* Reed's Shakspeare, vol. xviii. p. 70–74. Act i. sc. 4.

+ “ Of ghostes and spirites walking by nyght," Parte the Seconde, pp. 106, 107. 4to. B. L., 1572. From the chapter entitled, “ The Papistes doctrine touching the soules of dead men, and the appearing of them.”

passages which have so admirably immortalised these superstitions, contains also another not less striking, concerning the supposed sanctity and protecting power of the nights immediately previous to Christmas-Day. On the sudden departure of the Spirit, Bernardo remarks,

u It was about to speak, when the cock crew.

Hor. And then it started like a guilty thing
Upon a fearful summons. I have heard,
The cock, that is the trumpet to the morn,
Doth with his lofty and shrill-sounding throat
Awake the god of day; and, at his warning,
Whether in sea or fire, in earth or air,
The extravagant and erring spirit hies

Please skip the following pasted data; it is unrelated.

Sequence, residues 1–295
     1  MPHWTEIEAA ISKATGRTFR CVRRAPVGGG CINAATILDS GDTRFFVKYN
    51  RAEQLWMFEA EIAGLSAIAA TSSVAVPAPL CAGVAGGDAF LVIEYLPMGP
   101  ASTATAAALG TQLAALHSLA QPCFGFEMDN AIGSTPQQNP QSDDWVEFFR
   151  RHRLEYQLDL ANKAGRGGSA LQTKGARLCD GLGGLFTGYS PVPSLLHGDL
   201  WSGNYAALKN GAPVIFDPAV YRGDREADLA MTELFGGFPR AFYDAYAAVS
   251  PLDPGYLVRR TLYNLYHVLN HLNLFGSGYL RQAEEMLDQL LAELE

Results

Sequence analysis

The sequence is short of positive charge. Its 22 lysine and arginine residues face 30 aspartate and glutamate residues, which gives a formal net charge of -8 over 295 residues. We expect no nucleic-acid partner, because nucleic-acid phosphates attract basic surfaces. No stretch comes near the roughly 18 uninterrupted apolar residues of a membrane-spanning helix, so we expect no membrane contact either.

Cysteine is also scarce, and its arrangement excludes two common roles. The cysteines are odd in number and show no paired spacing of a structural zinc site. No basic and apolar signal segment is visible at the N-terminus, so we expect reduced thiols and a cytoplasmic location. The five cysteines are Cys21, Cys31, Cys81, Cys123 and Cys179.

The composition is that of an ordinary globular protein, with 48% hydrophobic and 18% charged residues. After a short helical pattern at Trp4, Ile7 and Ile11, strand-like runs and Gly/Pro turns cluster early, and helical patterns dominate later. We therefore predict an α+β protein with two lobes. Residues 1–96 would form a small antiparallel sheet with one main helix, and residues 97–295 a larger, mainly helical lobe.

To his confine: and of the truth herein
This present object made probation.

Mar. It faded on the crowing of the cock.

say, that ever 'gainst that season comes
Wherein our Saviour's birth is celebrated,
This bird of dawning singeth all night long:
And then, they say, no spirit dares stir abroad;
The nights are wholesome; then no planets strike,
No fairy takes, nor witch hath power to charm,
So hallow'd and so gracious is the time." +

Fare thee well at once !"

exclaims the apparition on retiring from the presence of his son,

The glow-worm shows the matins to be near,
And 'gins to pale his uneffectual fire."

• Madame De Stael observes, “ there is always something philosophical in the supernatural employed by Shakspeare.” The Influence of Literature on Society, vol. i. p. 297.

t Reed's Shakspeare, vol. xviii. pp. 22-25. Act i. sc. 1. # Ibid. pp. 86, 87. Act i. sc. 5.